10. Treat everyone with dignity and respect because of who I am as a leader… not because of how they treat me or what I think about them.
  11. Be a role model for civility. I will not treat my colleagues or staff in any way that I would be embarrassed if my five year old child treated someone the same way.


Written by:
Ron Holifield
CEO, Strategic Government Resources


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Setting Your Goals for a Happy New Year!

One of the things that I do every year during the week between Christmas and New Year’s Day is to set new goals for the coming year.  Admittedly, I don’t always reach my goals, and I consider it a pretty successful year if I reach 75% of them. I’m not a slave to my goals, but I do like the guidance and definition that they provide. There are lots of opinions about the best way to set goals and even on whether or not it’s really best to set goals, so I recognize that what I am going to share may not work for you, but here are a few things that have helped me.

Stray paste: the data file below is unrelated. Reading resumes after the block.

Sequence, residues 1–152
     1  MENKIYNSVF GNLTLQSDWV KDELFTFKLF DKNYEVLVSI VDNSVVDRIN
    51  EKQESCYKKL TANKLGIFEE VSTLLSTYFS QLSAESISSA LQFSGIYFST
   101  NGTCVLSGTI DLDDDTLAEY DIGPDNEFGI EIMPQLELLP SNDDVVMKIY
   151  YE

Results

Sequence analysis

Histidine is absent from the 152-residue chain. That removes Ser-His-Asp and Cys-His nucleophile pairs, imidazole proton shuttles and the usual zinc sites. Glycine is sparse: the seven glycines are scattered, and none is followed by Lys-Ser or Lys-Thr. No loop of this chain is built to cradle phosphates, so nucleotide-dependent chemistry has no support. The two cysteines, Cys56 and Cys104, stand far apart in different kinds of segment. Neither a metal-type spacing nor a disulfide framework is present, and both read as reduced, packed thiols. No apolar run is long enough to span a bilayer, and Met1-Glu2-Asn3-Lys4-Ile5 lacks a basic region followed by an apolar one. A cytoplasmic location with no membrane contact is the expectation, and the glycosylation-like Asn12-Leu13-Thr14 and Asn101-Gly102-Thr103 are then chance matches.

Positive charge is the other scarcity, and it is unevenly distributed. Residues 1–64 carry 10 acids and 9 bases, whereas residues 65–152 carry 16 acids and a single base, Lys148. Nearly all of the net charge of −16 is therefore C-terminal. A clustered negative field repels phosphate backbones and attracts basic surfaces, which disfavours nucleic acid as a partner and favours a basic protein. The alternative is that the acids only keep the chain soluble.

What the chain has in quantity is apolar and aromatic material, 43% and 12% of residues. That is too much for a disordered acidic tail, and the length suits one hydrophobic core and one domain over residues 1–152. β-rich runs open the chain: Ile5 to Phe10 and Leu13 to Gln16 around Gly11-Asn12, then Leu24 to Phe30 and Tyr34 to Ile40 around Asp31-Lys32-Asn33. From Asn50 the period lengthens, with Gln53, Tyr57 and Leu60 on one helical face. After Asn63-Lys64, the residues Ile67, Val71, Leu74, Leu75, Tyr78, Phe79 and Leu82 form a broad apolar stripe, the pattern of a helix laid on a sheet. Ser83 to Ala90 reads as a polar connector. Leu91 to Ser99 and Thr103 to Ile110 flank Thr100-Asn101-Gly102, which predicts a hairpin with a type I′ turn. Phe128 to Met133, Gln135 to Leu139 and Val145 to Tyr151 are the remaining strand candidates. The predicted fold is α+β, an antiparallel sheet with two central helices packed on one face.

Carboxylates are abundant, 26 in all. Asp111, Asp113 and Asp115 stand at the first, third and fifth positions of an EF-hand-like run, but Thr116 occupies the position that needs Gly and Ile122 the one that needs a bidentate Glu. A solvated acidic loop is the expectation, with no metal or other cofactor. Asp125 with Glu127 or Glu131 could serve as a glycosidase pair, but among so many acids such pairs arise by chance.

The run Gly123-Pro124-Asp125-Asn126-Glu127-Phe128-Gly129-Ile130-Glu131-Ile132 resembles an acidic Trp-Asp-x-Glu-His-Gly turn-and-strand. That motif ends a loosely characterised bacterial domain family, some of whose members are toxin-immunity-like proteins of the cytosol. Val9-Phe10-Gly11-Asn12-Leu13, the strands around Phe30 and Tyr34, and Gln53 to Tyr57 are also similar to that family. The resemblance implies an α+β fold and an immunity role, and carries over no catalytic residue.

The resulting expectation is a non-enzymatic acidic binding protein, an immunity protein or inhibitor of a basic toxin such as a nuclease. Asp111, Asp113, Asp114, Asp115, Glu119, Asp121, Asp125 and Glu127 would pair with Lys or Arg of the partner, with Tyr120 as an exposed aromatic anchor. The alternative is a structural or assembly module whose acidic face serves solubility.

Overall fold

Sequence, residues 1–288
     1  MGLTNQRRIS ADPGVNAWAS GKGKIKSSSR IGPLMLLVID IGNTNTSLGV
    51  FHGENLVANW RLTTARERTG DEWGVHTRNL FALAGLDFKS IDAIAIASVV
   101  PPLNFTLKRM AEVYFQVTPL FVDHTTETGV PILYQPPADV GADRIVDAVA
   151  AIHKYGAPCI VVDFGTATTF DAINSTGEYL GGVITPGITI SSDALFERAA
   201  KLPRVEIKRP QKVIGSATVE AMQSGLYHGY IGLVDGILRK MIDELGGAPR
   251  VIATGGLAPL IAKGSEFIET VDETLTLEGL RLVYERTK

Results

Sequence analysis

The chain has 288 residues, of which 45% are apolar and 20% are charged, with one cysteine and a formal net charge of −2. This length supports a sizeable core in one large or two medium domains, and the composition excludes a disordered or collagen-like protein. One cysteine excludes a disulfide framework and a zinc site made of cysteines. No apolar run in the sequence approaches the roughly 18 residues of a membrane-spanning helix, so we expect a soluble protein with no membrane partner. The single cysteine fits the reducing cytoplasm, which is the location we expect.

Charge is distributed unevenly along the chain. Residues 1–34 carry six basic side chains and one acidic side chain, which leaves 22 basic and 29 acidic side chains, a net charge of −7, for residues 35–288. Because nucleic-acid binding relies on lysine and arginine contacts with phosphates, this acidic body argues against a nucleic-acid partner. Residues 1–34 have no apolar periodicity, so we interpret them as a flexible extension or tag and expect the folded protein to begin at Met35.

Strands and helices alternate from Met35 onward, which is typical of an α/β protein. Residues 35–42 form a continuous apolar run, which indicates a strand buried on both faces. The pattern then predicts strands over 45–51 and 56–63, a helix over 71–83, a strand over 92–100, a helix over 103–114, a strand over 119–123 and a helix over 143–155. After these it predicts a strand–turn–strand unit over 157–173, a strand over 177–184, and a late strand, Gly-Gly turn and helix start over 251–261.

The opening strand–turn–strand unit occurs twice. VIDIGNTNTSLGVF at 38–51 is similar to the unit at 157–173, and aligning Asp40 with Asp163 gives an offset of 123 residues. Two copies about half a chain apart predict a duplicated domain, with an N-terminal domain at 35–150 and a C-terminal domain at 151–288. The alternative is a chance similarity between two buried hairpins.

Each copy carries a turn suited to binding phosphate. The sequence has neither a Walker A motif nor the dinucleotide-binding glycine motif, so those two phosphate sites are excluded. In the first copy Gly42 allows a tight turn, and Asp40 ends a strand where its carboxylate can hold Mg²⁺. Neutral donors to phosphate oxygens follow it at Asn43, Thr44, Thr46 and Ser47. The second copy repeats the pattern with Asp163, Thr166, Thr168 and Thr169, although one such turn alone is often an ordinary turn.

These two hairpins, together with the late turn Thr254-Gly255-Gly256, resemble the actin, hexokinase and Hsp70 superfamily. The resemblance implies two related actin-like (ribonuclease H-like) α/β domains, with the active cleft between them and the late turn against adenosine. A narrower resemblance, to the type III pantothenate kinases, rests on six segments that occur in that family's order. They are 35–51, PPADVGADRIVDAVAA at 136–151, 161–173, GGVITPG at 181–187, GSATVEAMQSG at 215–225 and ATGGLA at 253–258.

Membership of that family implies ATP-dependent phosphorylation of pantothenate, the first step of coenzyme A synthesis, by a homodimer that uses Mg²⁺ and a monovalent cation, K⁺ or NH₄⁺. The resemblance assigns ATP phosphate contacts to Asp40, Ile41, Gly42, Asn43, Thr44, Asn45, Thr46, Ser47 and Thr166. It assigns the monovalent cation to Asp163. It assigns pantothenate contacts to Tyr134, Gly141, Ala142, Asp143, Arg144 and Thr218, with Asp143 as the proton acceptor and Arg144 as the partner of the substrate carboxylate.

1. The Process of Reflection is Invaluable—As I make decisions about the goals that I am going to set for the coming year, it forces me to reflect, both on the past and on the future. I look at the goals from the previous year or years and ask myself things like: Did I reach this goal? If not, why not? Does it matter? Was it a worthy goal?  I also look forward and ask myself things like:  Do I want to continue pursuing this goal? If I reached it this year, should I set a more aggressive goal? A more attainable goal? Is there something that matters more to me than this goal? All of these questions, and more, enable me to really evaluate what I have accomplished, where I am going, and whether that’s REALLY what I want. It’s been stated that an organization is perfectly aligned to produce the results that it is getting, and the same is true for individuals. It’s likely that you are living the precise way you need to in order to reach the results you are getting. If you want to get different results, it’s likely that you need to change behavior. Reflection can help clarify that.